What to do when your kid provokes you into an inhuman rage.

What to do when your kid provokes you into an inhuman rage.

What to do when your kid provokes you into an inhuman rage.

Snapshots of life at home.
Feb. 5 2009 1:23 PM

No, You Shut Up!

What to do when your kid provokes you into an inhuman rage.

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The Mona Lisa: Say nothing, show no emotional reaction, and deploy a slightly amused, faintly dismissive expression that says, in effect, "Pretty good for a novice, but nowhere near good enough to get to me." You have to practice this one in front of a mirror before you use it in action. This response will be relatively effective, but it requires great self-control to carry it off without being drawn into a confrontation or taking it too far into contempt or sarcasm.

Immediate: The Mona Lisa will de-escalate the child's behavior. The child may finish the current diatribe but will probably not go on beyond that.


Long term: Decreases slightly the likelihood of future battles. The Mona Lisa shows the child—more effectively than simple ignoring would—that provocative misbehavior will not get a satisfying rise out of you.

Side: You're asking a lot of yourself, in terms of restraint, because you will feel that you have not taught the child a lesson and that you permitted yourself to be abused, but you will have modeled restraint, the very behavior you wish to teach here.

The Parking Ticket: On balance, the most effective option. Take away a privilege according to a scheme that you have already discussed with the child and walk away. He already knows, because you went over it in a calm moment, that if he speaks disrespectfully to you, for instance, then he will lose a specific privilege that matters to him: a weekend event, a TV show, or computer time. The penalty should take place as close to immediately as possible—within 24 hours—and be brief in duration (no TV tonight, rather than no TV for a week). It should be significant but not harsh; accept in advance that it won't fully satisfy your ticked-off desire to throw the book at him with a prodigious, long-lasting, delayed penalty ("You can't go out for the football team next fall! Happy now?"). When he commits the offense, you say, "You lose X because of the way you are talking to me," and then go to another room, without turning your departure into a dramatic event. The tone is relaxed, almost bureaucratic, not hot or cold fury. When you cue up a reasonable consequence in advance, you're much more likely to end up with one you can stick to. When you improvise a punishment in a towering rage, on the other hand, you often have to renounce it later—when you're calm enough to realize that, for instance, taking away the cell phone for six months just isn't practicable.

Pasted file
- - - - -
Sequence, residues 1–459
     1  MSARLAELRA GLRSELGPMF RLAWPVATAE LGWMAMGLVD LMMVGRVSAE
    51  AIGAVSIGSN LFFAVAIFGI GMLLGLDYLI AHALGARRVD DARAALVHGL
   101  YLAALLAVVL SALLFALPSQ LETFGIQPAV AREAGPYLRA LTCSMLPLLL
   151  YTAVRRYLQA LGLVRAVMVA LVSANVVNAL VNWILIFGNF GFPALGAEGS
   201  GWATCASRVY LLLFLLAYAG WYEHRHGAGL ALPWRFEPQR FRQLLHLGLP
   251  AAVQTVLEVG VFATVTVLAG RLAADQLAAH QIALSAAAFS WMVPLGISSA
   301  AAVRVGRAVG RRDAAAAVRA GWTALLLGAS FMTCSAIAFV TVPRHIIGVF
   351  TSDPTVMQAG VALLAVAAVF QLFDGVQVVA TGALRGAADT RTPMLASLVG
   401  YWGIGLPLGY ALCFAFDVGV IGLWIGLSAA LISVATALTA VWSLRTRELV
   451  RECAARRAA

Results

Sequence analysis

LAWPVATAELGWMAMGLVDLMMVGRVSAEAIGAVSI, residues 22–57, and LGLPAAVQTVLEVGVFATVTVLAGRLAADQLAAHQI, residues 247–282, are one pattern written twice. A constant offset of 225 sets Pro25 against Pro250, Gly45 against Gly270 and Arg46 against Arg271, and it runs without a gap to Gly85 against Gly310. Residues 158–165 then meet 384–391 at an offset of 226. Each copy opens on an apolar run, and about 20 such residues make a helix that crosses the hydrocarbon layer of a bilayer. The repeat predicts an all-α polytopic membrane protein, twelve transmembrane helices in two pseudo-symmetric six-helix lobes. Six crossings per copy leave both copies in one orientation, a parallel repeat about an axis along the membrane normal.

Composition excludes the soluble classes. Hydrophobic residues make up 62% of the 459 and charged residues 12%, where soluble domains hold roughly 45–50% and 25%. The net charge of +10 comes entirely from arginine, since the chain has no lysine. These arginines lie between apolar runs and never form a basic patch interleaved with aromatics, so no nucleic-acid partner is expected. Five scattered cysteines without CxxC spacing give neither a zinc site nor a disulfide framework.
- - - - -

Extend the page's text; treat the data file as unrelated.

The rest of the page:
Immediate: This option de-escalates by not fostering continuation. Your behavior does not invite a response, and the preordained character of the consequence discourages argument.

Long term: Likely to decrease slightly the occurrence of future provocations and battles.

Side: Although you may still pine to administer a stiffer punishment that more fully meets the severity of the crime, you will feel you have provided a consequence and not tolerated the misbehavior. Bear in mind that a more severe punishment would almost certainly have side effects that would make it harder for you to help improve your child's behavior. Also, you will have modeled a calm, controlled reaction rather than an impulsive, uncontrolled one.

None of these results offers a perfectly satisfactory response (because, in fact, there is none), but the Parking Ticket speaks most practically to the full range of a parent's mixed motives when provoked by a child's misbehavior.

And, of course, if you really want to change your child's behavior and not just endure it, you have to combine crisis-handling techniques with teaching better behavior to replace the problem behavior. Wait until a time when both you and your child are calm and then work with her on how to act when she is angry and in the mood to provoke you. You can decrease the likelihood, over both the short- and long term, that an undesirable behavior—such as flagrant disrespect—will occur. Try some of these.

Alan E. Kazdin, who was president of the American Psychological Association in 2008, is John M. Musser professor of psychology and child psychiatry at Yale University and director of Yale's Parenting Center and Child Conduct Clinic. Carlo Rotella is director of American studies  at Boston College. They are the authors of The Kazdin Method for Parenting the Defiant Child